WARREN BUCKLAND


[From: Studying Contemporary American Film: A Guide to Movie Analysis, by Thomas Elsaesser and Warren Buckland, pp. 101-16; bar charts omitted]

 3.4. Statistical Style Analysis: Theory

The statistical style analysis of motion pictures is primarily a systematic version of mise en scène criticism – or, more accurately, mise en shot criticism. We have already seen that Eisenstein invented the term mise en shot to focus attention on the way shots are staged – that is, the way the parameters of the shot translate the actions and events into film. The advantage of statistical style analysis over mise en scène/shot criticism is that it offers a more detached, systematic, and explicit mode of analysis. Statistical style analysis characterizes style in a numerical, systematic manner – that is, it analyzes style by measuring and quantifying it. At its simplest, the process of measuring involves counting elements, or variables, that reflect a film’s style, and then performing statistical tests on those variables.

More specifically, there are three standard aims of statistical style analysis: (1) to offer a quantitative analysis of style, usually for the purpose of recognizing patterns, a task now made feasible with the use of computer technology. In language texts, the quantitative analysis of style and pattern recognition is usually conducted in the numerical analysis of the following variables: word length, or syllables per word, sentence length, the distribution of parts of speech (the different percentage of nouns, pronouns, verbs, adjectives, and so on in a text), calculating the ratio of parts of speech (for example, the ratio of verbs to adjectives), or by analyzing word order, syntax, rhythm, or metre; (2) for the purposes of authorship attribution, in cases of disputed authorship of anonymous or pseudonymous texts (see Foster 2001); and (3) for purposes of identifying the chronology of works, when the sequence of composition is unknown or disputed (e.g., Plato, Shakespeare’s plays).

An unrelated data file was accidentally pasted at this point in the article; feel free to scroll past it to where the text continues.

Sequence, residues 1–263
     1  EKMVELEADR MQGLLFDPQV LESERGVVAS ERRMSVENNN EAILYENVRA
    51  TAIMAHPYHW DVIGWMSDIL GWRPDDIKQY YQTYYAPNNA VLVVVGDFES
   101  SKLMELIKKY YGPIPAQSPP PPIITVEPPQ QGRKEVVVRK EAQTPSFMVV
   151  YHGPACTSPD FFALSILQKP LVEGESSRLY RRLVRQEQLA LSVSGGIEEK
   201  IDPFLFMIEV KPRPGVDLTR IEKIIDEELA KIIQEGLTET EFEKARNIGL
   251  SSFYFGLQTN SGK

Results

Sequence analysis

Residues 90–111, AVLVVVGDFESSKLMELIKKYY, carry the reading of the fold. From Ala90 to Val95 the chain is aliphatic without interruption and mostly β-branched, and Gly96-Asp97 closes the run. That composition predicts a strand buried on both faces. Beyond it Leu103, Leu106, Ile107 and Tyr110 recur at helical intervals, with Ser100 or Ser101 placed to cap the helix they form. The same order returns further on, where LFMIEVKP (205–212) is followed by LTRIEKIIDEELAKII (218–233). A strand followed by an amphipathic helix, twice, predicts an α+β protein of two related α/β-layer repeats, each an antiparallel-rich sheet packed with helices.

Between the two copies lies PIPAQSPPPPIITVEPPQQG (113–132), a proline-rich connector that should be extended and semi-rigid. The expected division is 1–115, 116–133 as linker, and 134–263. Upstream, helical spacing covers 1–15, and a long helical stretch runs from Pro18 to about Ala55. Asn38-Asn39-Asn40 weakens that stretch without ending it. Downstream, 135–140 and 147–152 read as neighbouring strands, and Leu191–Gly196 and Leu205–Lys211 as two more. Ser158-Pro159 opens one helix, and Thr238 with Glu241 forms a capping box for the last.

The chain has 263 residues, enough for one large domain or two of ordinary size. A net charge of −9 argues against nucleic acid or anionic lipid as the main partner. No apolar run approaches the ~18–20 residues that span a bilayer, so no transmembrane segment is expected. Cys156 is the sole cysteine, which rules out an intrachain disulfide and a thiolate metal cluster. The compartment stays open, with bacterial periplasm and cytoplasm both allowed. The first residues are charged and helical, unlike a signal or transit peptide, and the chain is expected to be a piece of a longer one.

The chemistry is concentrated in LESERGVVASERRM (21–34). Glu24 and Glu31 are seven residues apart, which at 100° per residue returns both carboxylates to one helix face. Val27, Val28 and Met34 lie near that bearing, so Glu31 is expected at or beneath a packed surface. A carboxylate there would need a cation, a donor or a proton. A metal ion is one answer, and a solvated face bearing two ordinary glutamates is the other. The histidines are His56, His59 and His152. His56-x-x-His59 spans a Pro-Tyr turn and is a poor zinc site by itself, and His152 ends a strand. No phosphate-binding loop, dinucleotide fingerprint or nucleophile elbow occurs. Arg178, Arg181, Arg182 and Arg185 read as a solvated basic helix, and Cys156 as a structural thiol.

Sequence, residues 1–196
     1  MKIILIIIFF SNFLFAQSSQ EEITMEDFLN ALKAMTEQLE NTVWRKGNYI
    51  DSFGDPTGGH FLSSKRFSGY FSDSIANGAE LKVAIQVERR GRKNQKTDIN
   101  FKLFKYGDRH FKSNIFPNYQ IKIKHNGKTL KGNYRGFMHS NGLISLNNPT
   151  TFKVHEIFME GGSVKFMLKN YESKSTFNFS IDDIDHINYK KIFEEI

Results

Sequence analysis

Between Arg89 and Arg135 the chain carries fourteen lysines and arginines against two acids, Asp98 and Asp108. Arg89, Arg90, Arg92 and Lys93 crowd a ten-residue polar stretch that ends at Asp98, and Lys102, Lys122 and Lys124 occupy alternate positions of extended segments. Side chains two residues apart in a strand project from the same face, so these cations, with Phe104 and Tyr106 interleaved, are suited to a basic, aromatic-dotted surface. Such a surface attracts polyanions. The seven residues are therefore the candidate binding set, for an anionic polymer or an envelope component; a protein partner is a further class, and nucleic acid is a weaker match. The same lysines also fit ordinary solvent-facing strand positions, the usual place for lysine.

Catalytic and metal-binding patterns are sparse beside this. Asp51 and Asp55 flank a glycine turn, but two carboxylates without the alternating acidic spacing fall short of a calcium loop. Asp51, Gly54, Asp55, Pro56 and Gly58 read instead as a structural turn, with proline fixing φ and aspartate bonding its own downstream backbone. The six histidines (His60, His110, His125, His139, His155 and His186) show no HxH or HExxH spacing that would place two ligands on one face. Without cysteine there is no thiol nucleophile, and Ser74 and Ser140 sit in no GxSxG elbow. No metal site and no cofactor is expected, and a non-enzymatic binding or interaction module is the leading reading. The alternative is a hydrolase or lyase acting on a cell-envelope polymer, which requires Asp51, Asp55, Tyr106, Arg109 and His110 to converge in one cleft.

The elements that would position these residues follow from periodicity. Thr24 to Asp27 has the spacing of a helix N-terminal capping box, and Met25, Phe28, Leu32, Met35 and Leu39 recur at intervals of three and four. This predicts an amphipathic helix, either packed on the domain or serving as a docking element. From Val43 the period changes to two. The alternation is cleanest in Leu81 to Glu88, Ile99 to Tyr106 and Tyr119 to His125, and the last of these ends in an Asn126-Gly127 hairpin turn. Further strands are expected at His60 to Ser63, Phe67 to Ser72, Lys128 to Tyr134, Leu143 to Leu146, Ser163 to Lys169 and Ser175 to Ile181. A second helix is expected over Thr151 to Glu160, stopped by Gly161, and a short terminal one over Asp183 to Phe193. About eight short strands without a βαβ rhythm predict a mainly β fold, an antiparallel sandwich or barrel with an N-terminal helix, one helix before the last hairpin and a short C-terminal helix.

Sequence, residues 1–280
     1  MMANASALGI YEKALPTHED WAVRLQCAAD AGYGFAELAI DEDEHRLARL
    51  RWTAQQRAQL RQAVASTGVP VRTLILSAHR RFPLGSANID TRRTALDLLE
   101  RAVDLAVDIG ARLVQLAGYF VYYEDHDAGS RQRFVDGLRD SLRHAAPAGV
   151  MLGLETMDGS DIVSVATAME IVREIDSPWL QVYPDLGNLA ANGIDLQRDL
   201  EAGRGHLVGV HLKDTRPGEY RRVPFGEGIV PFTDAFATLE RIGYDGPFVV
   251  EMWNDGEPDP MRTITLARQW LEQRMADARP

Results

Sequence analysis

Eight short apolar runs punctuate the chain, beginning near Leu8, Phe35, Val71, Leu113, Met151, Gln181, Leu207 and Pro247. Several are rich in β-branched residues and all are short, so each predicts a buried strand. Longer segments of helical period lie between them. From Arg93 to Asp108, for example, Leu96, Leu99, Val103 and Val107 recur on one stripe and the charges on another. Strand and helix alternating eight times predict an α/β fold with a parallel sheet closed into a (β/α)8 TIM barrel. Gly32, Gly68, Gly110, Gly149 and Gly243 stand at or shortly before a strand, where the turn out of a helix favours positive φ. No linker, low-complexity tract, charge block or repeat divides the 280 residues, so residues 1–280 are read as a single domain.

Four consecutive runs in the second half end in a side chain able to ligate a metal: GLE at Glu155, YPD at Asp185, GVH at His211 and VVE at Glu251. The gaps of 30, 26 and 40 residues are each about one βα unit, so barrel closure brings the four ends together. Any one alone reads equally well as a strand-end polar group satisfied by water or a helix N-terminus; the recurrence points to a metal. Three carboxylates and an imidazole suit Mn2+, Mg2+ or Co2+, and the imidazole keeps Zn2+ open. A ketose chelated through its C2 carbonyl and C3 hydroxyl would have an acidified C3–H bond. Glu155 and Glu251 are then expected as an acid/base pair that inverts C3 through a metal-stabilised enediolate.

The first aim, the quantitative analysis of style, involves descriptive statistics, and the second and third (authorship attribution and chronology) involve both descriptive and inferential statistics. As its name implies, descriptive statistics simply describes a text as it is, by measuring and quantifying it in terms of its numerical characteristics. The result is a detailed, internal, molecular description of a text’s (or group of texts’) formal variables. Inferential statistics then employs this formal description to make predictions. That is, it uses this data as an index, primarily an index of an author’s style, or to put the author’s work into chronological order on the basis of measured changes in style of their work over time. Whereas descriptive statistics produces data with complete certainty, inferential statistics is based on assumptions the statistician makes on the basis of the descriptive data. The assumptions the inferential statistician makes only have degrees of probability rather than certainty.

3.4.1. The quantitative analysis of style